The Atlantic worries that there's a "coming software apocalypse:"
There will be more bad days for software. It's important that we get better at making it, because if we don't, and as software becomes more sophisticated and connected—as it takes control of more critical functions—those days could get worse.
The problem is that programmers are having a hard time keeping up with their own creations. Since the 1980s, the way programmers work and the tools they use have changed remarkably little. There is a small but growing chorus that worries the status quo is unsustainable. “Even very good programmers are struggling to make sense of the systems that they are working with,” says Chris Granger, a software developer who worked as a lead at Microsoft on Visual Studio, an IDE that costs $1,199 a year and is used by nearly a third of all professional programmers. He told me that while he was at Microsoft, he arranged an end-to-end study of Visual Studio, the only one that had ever been done. For a month and a half, he watched behind a one-way mirror as people wrote code. “How do they use tools? How do they think?” he said. “How do they sit at the computer, do they touch the mouse, do they not touch the mouse? All these things that we have dogma around that we haven’t actually tested empirically.”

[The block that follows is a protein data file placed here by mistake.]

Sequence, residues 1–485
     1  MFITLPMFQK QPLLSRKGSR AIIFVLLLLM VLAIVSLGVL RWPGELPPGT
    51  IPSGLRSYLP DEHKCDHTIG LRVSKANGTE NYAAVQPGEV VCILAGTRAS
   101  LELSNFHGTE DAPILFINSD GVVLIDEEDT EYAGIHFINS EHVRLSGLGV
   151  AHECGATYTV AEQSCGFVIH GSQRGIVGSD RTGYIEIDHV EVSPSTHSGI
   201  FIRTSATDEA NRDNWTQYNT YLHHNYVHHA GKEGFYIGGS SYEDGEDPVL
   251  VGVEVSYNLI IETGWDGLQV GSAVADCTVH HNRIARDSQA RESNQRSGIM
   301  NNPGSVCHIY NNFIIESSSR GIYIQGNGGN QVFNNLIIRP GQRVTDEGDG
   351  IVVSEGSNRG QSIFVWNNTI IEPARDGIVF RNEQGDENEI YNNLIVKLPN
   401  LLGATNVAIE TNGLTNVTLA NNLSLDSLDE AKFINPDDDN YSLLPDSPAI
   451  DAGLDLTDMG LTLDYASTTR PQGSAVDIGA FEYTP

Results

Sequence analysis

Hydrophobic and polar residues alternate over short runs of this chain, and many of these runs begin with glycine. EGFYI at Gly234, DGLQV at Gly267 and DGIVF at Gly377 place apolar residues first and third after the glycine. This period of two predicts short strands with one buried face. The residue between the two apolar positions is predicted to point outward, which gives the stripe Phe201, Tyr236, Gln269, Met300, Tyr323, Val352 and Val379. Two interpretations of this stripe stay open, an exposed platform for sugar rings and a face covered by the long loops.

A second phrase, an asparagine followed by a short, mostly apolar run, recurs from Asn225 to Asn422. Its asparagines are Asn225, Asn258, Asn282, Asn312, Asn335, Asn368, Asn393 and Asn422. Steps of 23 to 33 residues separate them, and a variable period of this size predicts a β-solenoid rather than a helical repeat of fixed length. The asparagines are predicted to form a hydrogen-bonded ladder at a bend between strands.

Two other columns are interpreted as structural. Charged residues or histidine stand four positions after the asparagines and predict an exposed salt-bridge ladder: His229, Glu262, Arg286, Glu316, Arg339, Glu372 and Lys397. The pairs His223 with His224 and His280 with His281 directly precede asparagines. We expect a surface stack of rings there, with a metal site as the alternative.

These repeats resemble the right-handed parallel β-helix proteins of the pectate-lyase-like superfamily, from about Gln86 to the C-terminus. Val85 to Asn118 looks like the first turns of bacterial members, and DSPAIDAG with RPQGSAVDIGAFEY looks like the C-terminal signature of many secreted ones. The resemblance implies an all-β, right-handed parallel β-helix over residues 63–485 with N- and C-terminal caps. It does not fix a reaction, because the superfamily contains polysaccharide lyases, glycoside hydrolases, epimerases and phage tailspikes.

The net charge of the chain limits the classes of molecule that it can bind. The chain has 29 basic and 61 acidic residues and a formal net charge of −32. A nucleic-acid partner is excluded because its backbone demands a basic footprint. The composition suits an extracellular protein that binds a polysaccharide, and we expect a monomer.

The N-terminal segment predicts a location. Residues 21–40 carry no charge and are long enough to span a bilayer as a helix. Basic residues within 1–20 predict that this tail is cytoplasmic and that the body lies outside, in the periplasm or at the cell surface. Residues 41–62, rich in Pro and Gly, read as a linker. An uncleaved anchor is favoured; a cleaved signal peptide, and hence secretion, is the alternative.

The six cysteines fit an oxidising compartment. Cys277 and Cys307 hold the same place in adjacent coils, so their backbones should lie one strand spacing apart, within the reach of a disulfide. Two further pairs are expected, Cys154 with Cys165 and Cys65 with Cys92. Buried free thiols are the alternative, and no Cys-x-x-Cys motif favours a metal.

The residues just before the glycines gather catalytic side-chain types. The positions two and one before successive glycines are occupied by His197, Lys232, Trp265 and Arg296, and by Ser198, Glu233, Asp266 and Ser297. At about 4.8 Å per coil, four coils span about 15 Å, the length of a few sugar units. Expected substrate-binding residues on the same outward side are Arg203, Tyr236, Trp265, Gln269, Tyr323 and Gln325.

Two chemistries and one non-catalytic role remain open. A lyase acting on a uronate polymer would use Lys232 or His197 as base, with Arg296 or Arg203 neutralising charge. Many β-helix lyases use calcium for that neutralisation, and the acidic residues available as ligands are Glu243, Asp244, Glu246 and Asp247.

The findings surprised him. “Visual Studio is one of the single largest pieces of software in the world,” he said. “It’s over 55 million lines of code. And one of the things that I found out in this study is more than 98 percent of it is completely irrelevant. All this work had been put into this thing, but it missed the fundamental problems that people faced. And the biggest one that I took away from it was that basically people are playing computer inside their head.”
I'm not sure that there's a coming apocalypse. Things get more complex; we have adapted pretty well as a species. I imagine taking any of today's top technologists forward 1000 or 2000 years (or even 100 or 200) and watching their heads explode. A bronze-age Egyptian wouldn't understand a telescope. An iron-age Roman wouldn't understand movable type. And Guttenberg himself wouldn't understand a light bulb, let alone the 1920x1200 LED monitors I have in front of me.
So I'm not too worried about an apocalypse. But as a programmer, I'm very worried about crappy software.
Also, it's interesting that the author singled out Visual Studio, which is the tool I use most often to write software. (I wrote all this blog's customizations with it, for example.)